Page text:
Nigerian pilgrims barred from bringing kola nut during Haj

NO ENTRY: The kola nut is a caffeine-based edible seed and is often used by Nigerians to show as a gesture of friendship and warmth.
Updated 14 July 2016

Nigerian pilgrims barred from bringing kola nut during Haj

RIYADH: Nigerian pilgrims have been asked not to bring kola nuts during the Haj this year.
Issuing the guidelines for Haj 2016, the Kingdom has notified Nigerian authorities to ban the carrying of kola nuts by pilgrims during the annual pilgrimage.
Confirming this, the National Haj Commission of Nigeria (NAHCON), in a statement issued on Tuesday said, “the commission received a circular from the Saudi authorities prohibiting the import of kola nuts into the Kingdom during this year’s Haj.”
“All those who intend to perform Haj are therefore advised to adhere strictly to the Saudi rules and regulations on prohibited items,” NAHCON said.
Moreover, the Nigerian Haj commission has also urged Muslim Pilgrim Welfare Boards (MPWB) and licensed tour operators to properly educate pilgrims to avoid penal actions on those found in violation of the instruction on smuggling kola nut. Violators will be punished in accordance with the laws of the Kingdom.
This caffeine-based edible seed, the kola nut, is usually known as “Goro” and “oji” and often used ceremonially by Nigerians to show a gesture of friendship and warmth; it is also used in the production of beverage and energy drinks.
Moreover, orientation and educative sessions are organized aimed at educating the pilgrims on all aspects of the Haj operations ranging from Haj rites, public transportation system, morals and manners during the Haj, new policies introduced for this year’s Haj by Saudi authorities, policies adopted by NAHCON, and Saudi rules and regulations to be followed during the stay in the Kingdom.
The commission made medical screening mandatory for pilgrims last year to qualify them to travel for their once-in-a-lifetime journey to the two holy cities of Makkah and Madinah.
Notably, about 70,000 Nigerian pilgrims perform Haj every year.


‘Dare to dream,’ football hero Thierry Henry tells Saudi fans

Footballing great Thierry Henry thrills fans as he signs 10 footballs on stage and tosses them to the audience. (Photo/Supplied)
Updated 6 min 4 sec ago

‘Dare to dream,’ football hero Thierry Henry tells Saudi fans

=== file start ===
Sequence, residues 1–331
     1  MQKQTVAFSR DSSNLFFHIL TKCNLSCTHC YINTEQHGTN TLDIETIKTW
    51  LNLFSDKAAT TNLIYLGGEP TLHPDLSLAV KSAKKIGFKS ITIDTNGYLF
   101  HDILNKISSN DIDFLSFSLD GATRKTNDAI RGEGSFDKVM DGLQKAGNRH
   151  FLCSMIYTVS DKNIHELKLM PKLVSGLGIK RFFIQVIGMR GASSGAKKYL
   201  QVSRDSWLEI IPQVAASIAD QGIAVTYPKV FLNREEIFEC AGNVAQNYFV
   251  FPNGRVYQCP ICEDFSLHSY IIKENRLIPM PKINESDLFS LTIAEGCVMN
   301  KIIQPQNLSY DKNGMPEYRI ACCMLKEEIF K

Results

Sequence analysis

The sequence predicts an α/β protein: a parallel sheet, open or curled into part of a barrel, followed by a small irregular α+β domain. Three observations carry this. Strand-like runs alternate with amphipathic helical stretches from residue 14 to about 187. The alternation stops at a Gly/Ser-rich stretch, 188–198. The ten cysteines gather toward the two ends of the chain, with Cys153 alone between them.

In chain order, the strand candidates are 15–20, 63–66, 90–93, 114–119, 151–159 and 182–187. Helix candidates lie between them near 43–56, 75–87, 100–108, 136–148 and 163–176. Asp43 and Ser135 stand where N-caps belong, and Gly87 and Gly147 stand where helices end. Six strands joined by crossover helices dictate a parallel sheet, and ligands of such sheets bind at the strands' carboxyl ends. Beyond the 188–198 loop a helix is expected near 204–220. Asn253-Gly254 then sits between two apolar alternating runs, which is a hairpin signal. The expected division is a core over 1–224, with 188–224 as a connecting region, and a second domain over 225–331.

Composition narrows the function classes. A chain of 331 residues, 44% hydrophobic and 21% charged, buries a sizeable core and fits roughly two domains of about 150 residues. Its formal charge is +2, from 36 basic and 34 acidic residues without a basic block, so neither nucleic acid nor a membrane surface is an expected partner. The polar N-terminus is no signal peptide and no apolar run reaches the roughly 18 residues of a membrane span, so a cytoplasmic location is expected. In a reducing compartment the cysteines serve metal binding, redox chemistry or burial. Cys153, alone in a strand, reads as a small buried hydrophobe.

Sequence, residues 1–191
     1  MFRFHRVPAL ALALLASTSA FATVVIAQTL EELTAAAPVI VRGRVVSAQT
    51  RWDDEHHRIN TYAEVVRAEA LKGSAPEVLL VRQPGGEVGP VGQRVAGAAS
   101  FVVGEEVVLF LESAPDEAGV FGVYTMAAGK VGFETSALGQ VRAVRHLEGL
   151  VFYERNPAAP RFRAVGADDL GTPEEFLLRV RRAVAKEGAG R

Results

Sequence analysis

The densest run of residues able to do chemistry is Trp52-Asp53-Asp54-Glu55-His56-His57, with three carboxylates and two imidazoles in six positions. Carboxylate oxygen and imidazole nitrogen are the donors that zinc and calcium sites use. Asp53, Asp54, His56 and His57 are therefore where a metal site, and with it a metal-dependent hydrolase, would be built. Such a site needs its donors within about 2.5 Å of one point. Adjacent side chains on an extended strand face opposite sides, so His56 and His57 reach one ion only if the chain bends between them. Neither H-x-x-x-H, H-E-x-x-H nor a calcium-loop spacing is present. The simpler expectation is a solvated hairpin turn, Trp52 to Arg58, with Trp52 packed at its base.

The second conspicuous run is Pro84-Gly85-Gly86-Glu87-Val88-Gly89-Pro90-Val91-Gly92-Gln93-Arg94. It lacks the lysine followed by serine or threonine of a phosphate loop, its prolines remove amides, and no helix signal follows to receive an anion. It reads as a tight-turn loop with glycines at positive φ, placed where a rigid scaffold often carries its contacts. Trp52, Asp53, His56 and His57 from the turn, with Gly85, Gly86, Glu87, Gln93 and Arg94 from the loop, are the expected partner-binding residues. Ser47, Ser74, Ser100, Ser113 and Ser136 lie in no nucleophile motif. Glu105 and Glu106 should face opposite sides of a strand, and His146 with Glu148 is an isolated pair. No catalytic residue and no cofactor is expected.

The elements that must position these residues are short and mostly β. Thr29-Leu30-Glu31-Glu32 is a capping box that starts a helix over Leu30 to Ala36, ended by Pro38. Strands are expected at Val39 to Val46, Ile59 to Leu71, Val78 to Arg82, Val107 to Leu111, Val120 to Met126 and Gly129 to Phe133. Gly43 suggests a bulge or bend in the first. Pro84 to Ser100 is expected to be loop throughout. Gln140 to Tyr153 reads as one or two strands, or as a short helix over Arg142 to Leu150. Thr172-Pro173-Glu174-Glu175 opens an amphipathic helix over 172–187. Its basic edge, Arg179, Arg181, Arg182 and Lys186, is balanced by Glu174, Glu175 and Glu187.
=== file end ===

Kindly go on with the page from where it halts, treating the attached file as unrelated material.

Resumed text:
• Fans got up close and personal with the former champion during a segment called the lightning round, where Henry had to answer questions in 10 seconds

DHAHRAN: Stepping onto the Tanween stage in front of a sold-out venue full of cheering fans, footballing great Thierry Henry was quick to say how “hyped” he was to meet his Saudi supporters.
As a guest and speaker at Tanween Season, the former Arsenal striker and French international faced a busy schedule on Saturday after arriving at King Abdulaziz Center for World Culture (Ithra) in Dhahran.
First, he had a “meet and greet” with fans, many wearing Arsenal shirts, which was quickly followed by a discussion of the theme for this year’s event, “Play.”
After two young footballers from Riyadh performed a series of tricks that included balancing a football on one leg, then kicking it in the air to land on their backs, Henry said: “I would have broken my back trying to do that. It’s not easy.”
On his second visit to Saudi Arabia — the first was to Riyadh last year — Henry said that he was impressed by this year’s Tanween theme since he had seen firsthand the results of a children’s quality-of-life program at Tanween.
“What I liked most was to see the smiles on the faces of those children when I was walking around the impressive building. Being able to dream is key for me, but seeing how the youngsters were interacting, and how happy they were with their families walking around, was just priceless,” he said.
Growing up, Henry’s father played an important role in his development. The footballer did not miss a beat when answering that his father was his idol. “My dad was the hardest man to please; to put a smile on his face was the hardest thing to do,” he said.
Although the footballer grew up in a “not so great” Paris neighborhood, he considered it an enriching cultural experience. “It was great for me at the time because it allowed me to travel, although I wasn’t really traveling,” he said.
France’s colonial history meant he was exposed to different cultures early in his life.
“If I going upstairs to have couscous, to the second floor to have Senegalese food, or to eat with the Portuguese downstairs, it allowed me to travel, staying where I was,” he explained.
During his talk Henry showed that his Arabic extends to common niceties such as “shukran,” “afwan” and “alsalamau alaikum.”
Having an impact on the English Premier League and his role in Arsenal’s record-breaking era almost two decades ago are more important to him that being considered the world’s best striker, he said. As for his favorite stadium, Henry was quick to choose Highbury.
Offering advice to younger Saudis in the audience, Henry urged them to face their problems calmly and cleverly.
“Don’t run away. Face it and don’t be scared to fail. Come back again, but smarter,” he said.
Fans got up close and personal with the former champion during a segment called the lightning round, where Henry had to answer questions in 10 seconds. That revealed that he has always admired Muhammad Ali as the greatest, Messi is his current favorite football player and winning the World Cup was the most memorable moment in his career.
After the talk, Henry thrilled the crowd — a reminder of his playing days — by tossing 10 footballs to lucky fans who cheered as he left the stage.